One factor that likely plays an important role in governing cofactor selection is the environment of the enzyme. The protein LuxS was initially proposed to function as a Zn2+-dependent enzyme; however, due to the instability of the native protein under aerobic conditions additional studies were carried out that ultimately demonstrated LuxS from E. coli and Bacillus subtilis to be an Fe2+- dependent enzyme[10]. The initial discoveries of bound zinc co-factors were experimental artifacts attributed to the purification of the enzyme under aerobic conditions. While LuxS is an example of an enzyme that seemingly prefers a single metal ion co-factor across species, there are also examples of enzymes that exhibit species-specific co-factors. For example, the enzyme PDF from E. coli uses Fe2+ as co-factor, while same enzyme from the Fe-limited organism Borrelia burgdorferi uses Zn2+ as its co-factor [13,14]. Similarly, the native co-factor for MetAP from E. coli is Fe2+, while the native co-factor for human MetAP is proposed to be Mn2+ [11,15]. These examples illustrate that the metal ion environment of the enzyme, specifically metal ion availability, makes an important contribution to the co-factor preferences of metalloenzymes, and therefore, should be taken into account when designing experiments with the purpose of identifying the native cofactor. The occurrence of species-specific co-factors is not limited to metallohydrolases. Superoxide dismutase (SOD) is an example of a metalloenzyme that utilizes Mn2+, Fe2+, or Mn/Fe as native co-factors across different species [16-20]. (Note: The cited references offer just a small sampling of the research examining SOD co-factor preferences). These detailed studies on SOD reinforce the important contributions that metal ion availability and experimental conditions have on identifying the native co-factor(s) preferences of metalloenzymes.

In addition to metalloenzymes that prefer a single co-factor as described above, there are also increasing numbers of cambialistic enzymes that can utilize multiple co-factors in vivo that have been identified. An early example of a cambialistic enzyme is SOD, which can utilize Mn/Fe as its co-factors [20]. More recently, the metaldependent deacetylase LpxC from E. coli was shown to be a cambialistic enzyme that utilizes Fe/Zn co-factors in vivo [8,9]. Interestingly, the Fe/ Zn co-factor preferences observed for LpxC mirrored the Fe/Zn metal ion content of the cell lysate, suggesting that LpxC is able to switch co-factors in response to changing environmental conditions. The ability to utilize multiple co-factors may be an advantageous feature for metalloenzymes as it would enable the enzyme to adapt to dynamic metal ion environment(s) in order to preserve enzyme function under different conditions. The metal-dependent deacetylase MshB appears to be another example of a Fe/Zn cambialistic enzyme. MshB prefers Fe2+ as a co-factor under anaerobic conditions, as well as under aerobic conditions in the absence of zinc, while MshB prefers Zn2+ under aerobic conditions in the presence of zinc [12]. These findings may have interesting biological implications in light of the metal ion environment mycobacteria, as the vacuoles of infected macrophages switch between an Fe-rich environment and Zn-rich environment during the course of infection [21]. The ability to switch co-factors under changing environmental conditions is likely an important feature for metalloenzymes that carry out critical cellular functions, as it preserves enzyme function under changing environmental conditions.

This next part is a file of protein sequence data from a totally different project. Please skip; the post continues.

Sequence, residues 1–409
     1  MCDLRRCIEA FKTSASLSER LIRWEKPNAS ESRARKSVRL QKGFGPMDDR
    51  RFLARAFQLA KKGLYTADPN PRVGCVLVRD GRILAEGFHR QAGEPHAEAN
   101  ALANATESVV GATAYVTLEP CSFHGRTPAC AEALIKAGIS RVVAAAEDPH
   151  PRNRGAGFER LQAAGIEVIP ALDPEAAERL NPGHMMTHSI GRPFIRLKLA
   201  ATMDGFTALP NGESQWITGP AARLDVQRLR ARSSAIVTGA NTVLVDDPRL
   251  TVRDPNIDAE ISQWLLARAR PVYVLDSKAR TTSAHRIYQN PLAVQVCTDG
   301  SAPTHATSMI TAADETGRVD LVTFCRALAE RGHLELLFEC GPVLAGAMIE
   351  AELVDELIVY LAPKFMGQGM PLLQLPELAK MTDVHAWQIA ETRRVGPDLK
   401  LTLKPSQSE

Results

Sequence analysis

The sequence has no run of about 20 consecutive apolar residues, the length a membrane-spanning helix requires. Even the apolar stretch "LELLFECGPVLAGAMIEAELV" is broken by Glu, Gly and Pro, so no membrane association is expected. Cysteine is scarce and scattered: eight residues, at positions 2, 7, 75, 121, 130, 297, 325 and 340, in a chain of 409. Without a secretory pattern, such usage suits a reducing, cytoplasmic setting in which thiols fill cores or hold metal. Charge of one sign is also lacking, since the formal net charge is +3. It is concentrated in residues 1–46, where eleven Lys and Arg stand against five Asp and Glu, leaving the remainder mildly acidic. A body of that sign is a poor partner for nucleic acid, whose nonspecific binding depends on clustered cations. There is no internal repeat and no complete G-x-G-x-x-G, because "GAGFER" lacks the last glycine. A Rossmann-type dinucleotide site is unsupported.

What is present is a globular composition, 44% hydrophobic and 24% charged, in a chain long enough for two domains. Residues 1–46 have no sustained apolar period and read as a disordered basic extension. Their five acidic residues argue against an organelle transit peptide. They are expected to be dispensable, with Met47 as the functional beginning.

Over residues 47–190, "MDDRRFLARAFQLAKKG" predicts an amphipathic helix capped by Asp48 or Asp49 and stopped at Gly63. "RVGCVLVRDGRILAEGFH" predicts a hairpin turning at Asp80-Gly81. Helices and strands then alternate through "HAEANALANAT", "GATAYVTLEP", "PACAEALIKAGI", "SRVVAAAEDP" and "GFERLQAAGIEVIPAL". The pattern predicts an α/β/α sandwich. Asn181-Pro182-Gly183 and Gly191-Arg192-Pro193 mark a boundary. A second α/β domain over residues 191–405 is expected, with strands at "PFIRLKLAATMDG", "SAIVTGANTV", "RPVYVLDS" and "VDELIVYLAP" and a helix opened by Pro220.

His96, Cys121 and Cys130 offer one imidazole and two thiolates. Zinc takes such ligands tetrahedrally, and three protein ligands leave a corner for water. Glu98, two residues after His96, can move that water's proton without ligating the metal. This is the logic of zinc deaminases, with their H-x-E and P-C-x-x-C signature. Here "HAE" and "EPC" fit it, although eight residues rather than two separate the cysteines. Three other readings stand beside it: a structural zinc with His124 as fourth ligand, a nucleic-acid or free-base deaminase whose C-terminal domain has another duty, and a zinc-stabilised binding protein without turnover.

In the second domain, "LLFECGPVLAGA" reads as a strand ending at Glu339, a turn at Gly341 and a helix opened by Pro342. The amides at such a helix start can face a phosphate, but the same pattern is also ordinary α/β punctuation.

Recently, there have been an increasing number of detailed studies on metalloenzymes resulting in the identification of metalloenzymes with species-specific co-factors, as well as cambialistic enzymes. These studies have shown that co-factor incorporation into metalloenzymes is sensitive to the experimental conditions that are used and illustrate that if studies are not carried out under proper conditions incorrect co-factor identification can occur. Therefore, one must exercise caution when interpreting results from experiments that are carried out under a single condition. Additionally, findings from these studies suggest that the metal environment plays an important role in the native co-factor preferences of metalloenzymes, and therefore, it must be taken into account when designing experiments with the purpose of identifying native co-factors. Consequently, detailed studies that examine cofactor preferences under multiple conditions provide a more accurate understanding of the biologically relevant form(s) of the enzyme and offer insights into possible mechanisms of enzyme regulation and environmental adaptation.